Authorities in western Massachusetts have found what they believe to be the remains of a missing 42-year-old English teacher.
Meghan Marohn vanished from the Lee, Massachusetts area on March 27. She was reported missing on March 29, according to local news reports, after a stay at the popular Red Lion Inn, an historic and picturesque New England hotel in adjacent Stockbridge. (That structure was famously depicted by illustrator Norman Rockwell, who lived nearby.)
The purpose for the stay, according to a friend, was less than pleasant.
Marohn’s black Subaru turned up “at the trailhead for Longcope Park off Church Street in South Lee on March 29,” according to The Berkshire Eagle. “A resident who lives down the road said he spotted her car there when an ice storm gripped the county.”
Missing, Hedges wrote, were the keys to his friend’s car and hotel room, “her daily diary, her good luck stuffed animal Bun, her computer, her wallet, the book she was reading, The Willoughbys by Lois Lowry, and [her] cell phone.”
Marohn’s final cell phone ping came from a “rural residential area across the road” from where her car was found, Hedges indicated.
Despite efforts on the ground and online, the search went as cold as the early spring weather in the mountains of New England.
Please retweet to help find my sister, Meghan Marohn. Meghan is a high school teacher and missing since 3/27/2022, last seen in Stockbridge & Lee, MA. If you have seen Meghan, please call 911 immediately. More Photos & Info at: https://t.co/LgksHkRhRC #FindMeghanMarohn pic.twitter.com/PW1MhE0SgK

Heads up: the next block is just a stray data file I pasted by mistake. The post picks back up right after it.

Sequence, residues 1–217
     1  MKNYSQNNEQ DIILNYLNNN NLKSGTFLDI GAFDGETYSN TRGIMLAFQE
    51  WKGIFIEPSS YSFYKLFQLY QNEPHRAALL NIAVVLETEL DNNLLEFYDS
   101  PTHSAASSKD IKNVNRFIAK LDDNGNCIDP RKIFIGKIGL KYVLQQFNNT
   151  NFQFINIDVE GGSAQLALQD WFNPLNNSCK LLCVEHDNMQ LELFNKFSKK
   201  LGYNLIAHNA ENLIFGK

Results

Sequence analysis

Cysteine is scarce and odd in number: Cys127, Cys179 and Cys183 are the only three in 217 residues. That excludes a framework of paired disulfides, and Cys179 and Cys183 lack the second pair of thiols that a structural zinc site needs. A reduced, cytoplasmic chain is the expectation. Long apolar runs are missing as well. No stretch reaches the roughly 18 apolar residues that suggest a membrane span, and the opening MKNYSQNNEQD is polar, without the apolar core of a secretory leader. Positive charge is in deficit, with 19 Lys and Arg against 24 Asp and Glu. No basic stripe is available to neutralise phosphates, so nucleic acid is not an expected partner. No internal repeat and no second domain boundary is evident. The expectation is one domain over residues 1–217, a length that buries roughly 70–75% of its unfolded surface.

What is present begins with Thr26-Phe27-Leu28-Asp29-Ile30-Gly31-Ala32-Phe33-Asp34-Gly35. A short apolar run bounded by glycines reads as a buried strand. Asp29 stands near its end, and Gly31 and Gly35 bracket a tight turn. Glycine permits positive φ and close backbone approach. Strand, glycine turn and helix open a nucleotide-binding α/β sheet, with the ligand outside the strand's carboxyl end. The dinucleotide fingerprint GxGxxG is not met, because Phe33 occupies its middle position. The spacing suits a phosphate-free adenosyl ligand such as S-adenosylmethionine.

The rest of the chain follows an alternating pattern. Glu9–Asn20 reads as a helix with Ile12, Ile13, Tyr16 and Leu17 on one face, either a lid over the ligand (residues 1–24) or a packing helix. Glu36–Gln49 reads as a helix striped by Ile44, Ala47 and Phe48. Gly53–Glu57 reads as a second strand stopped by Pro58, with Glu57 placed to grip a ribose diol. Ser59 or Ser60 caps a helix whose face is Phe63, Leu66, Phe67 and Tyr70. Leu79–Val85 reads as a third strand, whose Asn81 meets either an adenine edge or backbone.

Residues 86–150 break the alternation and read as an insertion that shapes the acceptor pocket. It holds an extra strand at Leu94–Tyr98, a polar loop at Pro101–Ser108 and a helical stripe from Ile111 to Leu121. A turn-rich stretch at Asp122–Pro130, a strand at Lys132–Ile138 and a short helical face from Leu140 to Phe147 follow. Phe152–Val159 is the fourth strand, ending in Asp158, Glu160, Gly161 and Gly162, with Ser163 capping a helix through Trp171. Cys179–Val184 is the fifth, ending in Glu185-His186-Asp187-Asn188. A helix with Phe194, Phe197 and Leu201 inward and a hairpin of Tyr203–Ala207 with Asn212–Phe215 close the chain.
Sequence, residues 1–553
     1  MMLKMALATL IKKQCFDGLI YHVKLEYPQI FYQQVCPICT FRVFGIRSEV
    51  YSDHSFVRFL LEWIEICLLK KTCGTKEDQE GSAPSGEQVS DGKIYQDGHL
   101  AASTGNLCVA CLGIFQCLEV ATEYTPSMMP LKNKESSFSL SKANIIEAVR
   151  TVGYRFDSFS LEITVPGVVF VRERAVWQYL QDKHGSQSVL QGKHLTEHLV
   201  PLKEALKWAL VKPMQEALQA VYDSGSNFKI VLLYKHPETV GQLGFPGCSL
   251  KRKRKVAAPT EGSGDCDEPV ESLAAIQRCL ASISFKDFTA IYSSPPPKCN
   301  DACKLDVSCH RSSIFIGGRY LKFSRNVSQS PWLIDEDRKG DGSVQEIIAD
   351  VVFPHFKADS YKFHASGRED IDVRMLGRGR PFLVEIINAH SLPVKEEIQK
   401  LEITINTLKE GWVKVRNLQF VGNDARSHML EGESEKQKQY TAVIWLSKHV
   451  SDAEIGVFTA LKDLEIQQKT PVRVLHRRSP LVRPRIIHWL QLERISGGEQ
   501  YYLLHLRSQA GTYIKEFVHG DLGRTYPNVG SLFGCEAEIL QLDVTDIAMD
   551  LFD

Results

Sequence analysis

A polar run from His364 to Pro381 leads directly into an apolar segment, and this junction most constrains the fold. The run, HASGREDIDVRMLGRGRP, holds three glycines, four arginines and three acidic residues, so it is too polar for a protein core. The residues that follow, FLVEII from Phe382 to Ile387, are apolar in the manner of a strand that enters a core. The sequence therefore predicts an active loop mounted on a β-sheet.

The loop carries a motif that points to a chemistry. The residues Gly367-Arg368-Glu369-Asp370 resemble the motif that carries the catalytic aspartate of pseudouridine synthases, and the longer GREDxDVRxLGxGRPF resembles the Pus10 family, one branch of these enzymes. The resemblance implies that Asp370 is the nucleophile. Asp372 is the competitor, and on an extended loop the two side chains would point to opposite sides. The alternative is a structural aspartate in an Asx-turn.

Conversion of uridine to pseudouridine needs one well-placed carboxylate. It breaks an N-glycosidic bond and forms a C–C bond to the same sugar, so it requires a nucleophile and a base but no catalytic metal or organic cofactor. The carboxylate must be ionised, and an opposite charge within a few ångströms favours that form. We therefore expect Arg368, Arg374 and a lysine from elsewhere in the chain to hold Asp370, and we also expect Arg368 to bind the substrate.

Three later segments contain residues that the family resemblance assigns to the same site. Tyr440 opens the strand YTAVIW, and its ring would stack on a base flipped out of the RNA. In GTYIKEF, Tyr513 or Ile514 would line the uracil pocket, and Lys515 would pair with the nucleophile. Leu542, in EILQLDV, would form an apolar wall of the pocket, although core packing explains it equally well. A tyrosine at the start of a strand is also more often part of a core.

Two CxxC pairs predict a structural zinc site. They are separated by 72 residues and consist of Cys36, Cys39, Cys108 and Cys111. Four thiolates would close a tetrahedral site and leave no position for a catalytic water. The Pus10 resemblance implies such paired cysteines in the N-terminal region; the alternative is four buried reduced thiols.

— Find Meghan Marohn (@FindMeghan) April 10, 2022
More than five months after the disappearance, the missing woman’s presumed remains were found in Lee this week in what appears to be a wooded area adjacent to the aforementioned park.
A citizen found human remains on Thursday and notified the authorities, according to Albany NBC affiliate WNYT-TV. The authorities felt confident predicting that an autopsy will soon confirm the remains are Marohn’s, WNYT reported.
“Even though they are going to continue to determine that those are Meghan’s remains, we are fairly certain it is her,” the missing-and-presumed-dead woman’s brother, Peter Naple, reportedly told The Eagle. “And we’re heartbroken.”
Video of search activity observed by WNYT on Friday showed state and local police cruisers focusing on Fox Drive, a dead-end gravel road south of both the village center and Interstate 90, the Massachusetts Turnpike, which bisects Lee on an east-west axis. The area of the find was described as “heavily wooded.”
Fox Drive is about a mile and a third by vehicle from the location where Marohn’s car was found, but the local roads between the two points take an indirect path. The area where police set up a command post this week, described by The Eagle as a meadow or field, appears to be about a half a mile when measured straight over the terrain from the spot were the car was discovered.
Marohn was a teacher at Shaker High School in Latham, New York, a suburb of Albany.
The circumstances of Marohn’s disappearance have been vexing.
Hedges, in a lengthy tome on the facts and on his friend, explained why:
A few days before Meghan Marohn . . . disappeared, she confided to friends that she had gone into hiding to escape from a man who had “brutally harassed and intimidated me because I wouldn’t sleep with him.” She said she was too afraid to stay at home, especially when she saw him drive by her house. She was granted a leave from teaching and camped out at The Red Lion Inn in Stockbridge, Massachusetts.